When Catherine Joy was just 22 weeks pregnant, nearly five months, she experienced bleeding.She called her doctor who advised her to go to Kenyatta National Hospital immediately.
She was given an injection to help her baby’s lungs function. Joy was put on bed rest for two weeks after which she got labour pains. s came knocking.
But baby Jeremy Tubula’s birth was normal birth. At birth, Jeremy weighed only 400 grammes. He left the hospital yesterday weighing 3.5kg after spending five months in KNH’s newborn unit.
Doctors said a baby born prematurely like Jeremy has formed organs. But they cannot function well, especially the lungs.
KNH chief executive officer Evans Kamuri said Jeremy is the second baby born prematurely at the hospital while weighing 400 grammes since inception of the facility.
“I screamed when I saw the baby at birth. I could not tell what it was when Dr Karanja showed the baby to me. I was scared to go to the nursery to see the baby,” Joy said yesterday.
Baby Jeremy was put under care in the newborn unit until yesterday when he was allowed to go home with his parents.
“It was not an easy journey because such a preterm baby requires close monitoring. The baby is prone to infections. They have challenges in feeding and controlling temperatures,” Dr Miriam Karanja, a neonatologist said.
“Usually we don’t start oral feeds for this kind of baby. For Jeremy, he was first put on IV fluids because we had to be sure that his system could digest the food before we initiated trophic feeding,” nurse Sally Ringera said.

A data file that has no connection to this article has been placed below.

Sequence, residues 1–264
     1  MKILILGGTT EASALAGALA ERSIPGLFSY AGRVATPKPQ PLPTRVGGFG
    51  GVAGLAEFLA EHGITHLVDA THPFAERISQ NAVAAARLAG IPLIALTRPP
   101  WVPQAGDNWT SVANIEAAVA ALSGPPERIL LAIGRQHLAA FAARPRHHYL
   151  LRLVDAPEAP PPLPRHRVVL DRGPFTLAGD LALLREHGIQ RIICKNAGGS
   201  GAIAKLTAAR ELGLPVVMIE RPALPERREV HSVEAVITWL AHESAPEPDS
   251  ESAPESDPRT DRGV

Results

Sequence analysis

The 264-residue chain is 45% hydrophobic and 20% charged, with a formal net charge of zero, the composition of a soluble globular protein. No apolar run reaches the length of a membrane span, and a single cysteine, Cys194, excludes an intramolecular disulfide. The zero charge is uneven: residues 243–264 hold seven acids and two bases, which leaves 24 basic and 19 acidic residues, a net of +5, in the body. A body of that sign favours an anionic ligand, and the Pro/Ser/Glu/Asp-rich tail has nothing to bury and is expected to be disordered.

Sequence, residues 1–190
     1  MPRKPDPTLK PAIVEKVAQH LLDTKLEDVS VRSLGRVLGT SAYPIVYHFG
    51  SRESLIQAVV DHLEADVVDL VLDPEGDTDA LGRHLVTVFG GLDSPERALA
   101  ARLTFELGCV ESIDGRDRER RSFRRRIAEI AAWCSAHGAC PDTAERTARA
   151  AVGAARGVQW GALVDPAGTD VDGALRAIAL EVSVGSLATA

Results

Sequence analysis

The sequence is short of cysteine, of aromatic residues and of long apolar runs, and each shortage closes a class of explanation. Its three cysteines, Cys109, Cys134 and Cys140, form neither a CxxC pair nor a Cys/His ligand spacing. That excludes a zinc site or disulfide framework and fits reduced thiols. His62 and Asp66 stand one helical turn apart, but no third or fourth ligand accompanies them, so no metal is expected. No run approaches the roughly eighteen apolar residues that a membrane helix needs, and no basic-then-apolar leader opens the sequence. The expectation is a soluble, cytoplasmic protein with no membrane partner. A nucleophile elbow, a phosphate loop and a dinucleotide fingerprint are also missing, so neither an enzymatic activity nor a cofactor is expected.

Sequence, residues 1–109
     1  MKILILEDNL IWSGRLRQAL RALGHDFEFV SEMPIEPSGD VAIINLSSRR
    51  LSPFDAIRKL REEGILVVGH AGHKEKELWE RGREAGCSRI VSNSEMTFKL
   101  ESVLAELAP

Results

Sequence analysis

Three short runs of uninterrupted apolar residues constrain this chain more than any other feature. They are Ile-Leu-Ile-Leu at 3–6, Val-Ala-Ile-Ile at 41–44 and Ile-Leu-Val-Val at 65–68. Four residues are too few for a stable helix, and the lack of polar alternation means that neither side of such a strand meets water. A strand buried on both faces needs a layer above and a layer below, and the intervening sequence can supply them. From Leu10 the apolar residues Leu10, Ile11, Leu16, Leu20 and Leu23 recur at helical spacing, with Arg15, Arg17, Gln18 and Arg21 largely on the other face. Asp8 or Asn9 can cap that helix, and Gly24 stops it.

The parents who come from Narok, but live in Pangani, could not hold back their joy.
They described their journey as draining both financially and emotionally.
“At least I can now hold my baby without fear,” Joy said.
Baby Jeremy’s father, James Narikae, who works at Serena Hotel, said they decided to name the baby Tubula. It is a Masai name that means the one born to prosper.
“When the baby was born, we did not expect him to come that early. When he came it was a mixed reaction because we didn’t know what to expect,” Narikae said
“We received a lot of encouragement from family and friends. That made us feel that we were not alone. It was not easy.”
The father said the bill stands at Sh3 million. But he is hopeful that the insurance cover from his employer will help offset the bill.
As they left the hospital, the couple was advised to cautious. If possible, the parents were told to avoid visitors for the next two months as the baby is still delicate and prone to infections.
Kenya is ranked 15th globally in number of premature births out of 188 countries. Causes of preterm births include short intervals between pregnancies, malaria, malnutrition, low weight and age of the mother.
Most of these can be addressed when identified early, especially when mothers attend antenatal clinics.
Neonatologists report that premature babies face feeding challenges which if not addressed can contribute to infections or death.